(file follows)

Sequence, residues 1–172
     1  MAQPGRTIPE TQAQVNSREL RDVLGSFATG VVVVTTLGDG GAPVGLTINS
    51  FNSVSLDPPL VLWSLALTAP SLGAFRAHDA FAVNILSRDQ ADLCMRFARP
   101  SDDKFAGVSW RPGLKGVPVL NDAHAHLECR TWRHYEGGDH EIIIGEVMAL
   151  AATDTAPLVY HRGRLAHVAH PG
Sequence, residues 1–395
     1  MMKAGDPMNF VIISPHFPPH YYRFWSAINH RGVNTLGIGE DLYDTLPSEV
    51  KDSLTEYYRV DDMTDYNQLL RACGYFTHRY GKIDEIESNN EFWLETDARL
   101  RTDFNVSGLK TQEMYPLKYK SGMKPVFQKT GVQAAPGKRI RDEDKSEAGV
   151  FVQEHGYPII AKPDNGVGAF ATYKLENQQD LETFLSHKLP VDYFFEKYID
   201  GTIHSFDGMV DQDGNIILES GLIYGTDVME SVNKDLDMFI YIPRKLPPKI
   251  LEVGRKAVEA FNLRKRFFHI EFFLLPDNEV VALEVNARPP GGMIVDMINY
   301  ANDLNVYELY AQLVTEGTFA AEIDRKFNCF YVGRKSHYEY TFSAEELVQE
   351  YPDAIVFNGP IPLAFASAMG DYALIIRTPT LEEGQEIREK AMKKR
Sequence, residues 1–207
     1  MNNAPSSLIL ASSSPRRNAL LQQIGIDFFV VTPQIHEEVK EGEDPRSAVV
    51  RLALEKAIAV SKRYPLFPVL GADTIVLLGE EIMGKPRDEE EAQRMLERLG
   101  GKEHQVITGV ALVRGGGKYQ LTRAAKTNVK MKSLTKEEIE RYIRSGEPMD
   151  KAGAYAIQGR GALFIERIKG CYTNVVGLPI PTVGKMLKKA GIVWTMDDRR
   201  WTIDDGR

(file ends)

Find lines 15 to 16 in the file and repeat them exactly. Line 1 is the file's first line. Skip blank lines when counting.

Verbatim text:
Sequence, residues 1–207
     1  MNNAPSSLIL ASSSPRRNAL LQQIGIDFFV VTPQIHEEVK EGEDPRSAVV